"Tarski has proved that truth is not definable in a classical language–thus the name “Undefinability Theorem.” Tarski’s theorem establishes that classically interpreted languages capable of expressing arithmetic cannot contain a global truth predicate. A language containing its own global truth predicate is said to be semantically closed, so his theorem implies that classical formal languages with the power to express arithmetic cannot be semantically closed, and consequently cannot have a Liar sentence."

Thanks Bennet :^)
the article at that link is great
It lead me to a related article at that resource about "inconsistent mathematics" which is fascinating.
fresco

1
Sun 10 Feb, 2013 04:14 am
@MattDavis,
Does your "inconsistent mathematics" paper deal with Paul Cohen's "proofs" that there both IS and IS NOT an infinite set lying between between Cantor's first two infinities? I seem to remember he received the Field's Medal for this, and that Godel was one of the referees.
Frank Apisa

1
Sun 10 Feb, 2013 08:06 am
@MattDavis,
Quote:
Quote:
Re: fresco (Post 5248155)
fresco wrote:

Traditional logic (using binary truth values) is a sub-aspect of general semantics, and in the sciences at least it has been partially displaced by the concept of mathematical coherence (e.g. in wave particle duality) which transcends the law of the excluded middle. It follows that that "truth"(small t) is a lay concept with "point of view" or "culpability overtones", "Truth" (capital T) is an absolutist religious claim, and possibly all we can say about truth is that it is an expression of "contextual social agreement as to what is the case".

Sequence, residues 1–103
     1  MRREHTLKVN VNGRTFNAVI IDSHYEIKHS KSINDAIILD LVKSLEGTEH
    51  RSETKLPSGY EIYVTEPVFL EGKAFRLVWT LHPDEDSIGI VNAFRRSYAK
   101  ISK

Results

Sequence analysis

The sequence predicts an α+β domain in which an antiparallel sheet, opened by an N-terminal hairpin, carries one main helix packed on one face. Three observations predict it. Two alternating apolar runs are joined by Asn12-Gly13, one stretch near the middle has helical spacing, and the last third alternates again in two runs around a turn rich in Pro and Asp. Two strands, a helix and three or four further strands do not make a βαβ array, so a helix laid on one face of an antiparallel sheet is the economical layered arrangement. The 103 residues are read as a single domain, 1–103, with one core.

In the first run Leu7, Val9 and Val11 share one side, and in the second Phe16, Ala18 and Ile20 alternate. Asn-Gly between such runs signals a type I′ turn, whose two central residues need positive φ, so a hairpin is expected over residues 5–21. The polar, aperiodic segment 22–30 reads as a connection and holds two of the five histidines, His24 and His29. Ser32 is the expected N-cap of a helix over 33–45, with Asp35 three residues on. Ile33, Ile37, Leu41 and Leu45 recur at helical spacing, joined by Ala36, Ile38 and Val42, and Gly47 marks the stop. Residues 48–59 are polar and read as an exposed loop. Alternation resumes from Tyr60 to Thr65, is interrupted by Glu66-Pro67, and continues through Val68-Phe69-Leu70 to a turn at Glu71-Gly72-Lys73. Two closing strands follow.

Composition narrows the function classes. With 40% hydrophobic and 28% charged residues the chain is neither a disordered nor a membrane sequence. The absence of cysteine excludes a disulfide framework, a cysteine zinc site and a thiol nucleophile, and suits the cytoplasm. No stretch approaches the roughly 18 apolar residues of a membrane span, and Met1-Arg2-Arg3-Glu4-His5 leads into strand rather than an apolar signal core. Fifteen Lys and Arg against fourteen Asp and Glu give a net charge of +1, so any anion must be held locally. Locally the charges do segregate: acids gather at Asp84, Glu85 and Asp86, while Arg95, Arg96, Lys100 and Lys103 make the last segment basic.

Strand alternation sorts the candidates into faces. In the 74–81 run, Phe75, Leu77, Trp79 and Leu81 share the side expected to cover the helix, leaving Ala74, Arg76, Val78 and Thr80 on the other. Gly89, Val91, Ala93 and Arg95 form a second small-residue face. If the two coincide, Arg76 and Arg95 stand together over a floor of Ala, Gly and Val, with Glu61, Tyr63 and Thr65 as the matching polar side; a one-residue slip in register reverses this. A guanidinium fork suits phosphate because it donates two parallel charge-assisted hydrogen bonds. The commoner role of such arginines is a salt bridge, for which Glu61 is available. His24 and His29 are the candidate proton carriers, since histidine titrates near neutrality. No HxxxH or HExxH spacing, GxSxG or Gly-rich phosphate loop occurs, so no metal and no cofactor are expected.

To say more than this is to advocate a form of naive realism, involving observer-independent "things" in permanent "sets".

Still trying to parse most of this.
I think it may assumes/requires a familiarity with terms that I do not have.

There is no way to say what I have to say here without seeming petty and disrespectful to Fresco in this comment. I truly do not mean it that way...but the only way to communicate what I have to say is to be direct.

Don't bother, Matt. The comment was not posted to impart information or to actually deal with the issue at hand. It was posted, as Fresco does and has done for over a decade, to write the way some stupid people think smart people write. It was an attempt to say, "See how smart I am."

You are not stupid, Matt. Don't fool for a device meant to fool the foolish and stupid people.

If Fresco actually wanted to say something reasonable, he seems capable of doing so.

Apparently he doesn't because he is more interested in "See how smart I am" than in "This can help."

fresco

1
Sun 10 Feb, 2013 08:14 am
@Frank Apisa,

What's the matter with you today Frank. Has the snow ruined your golf fix ?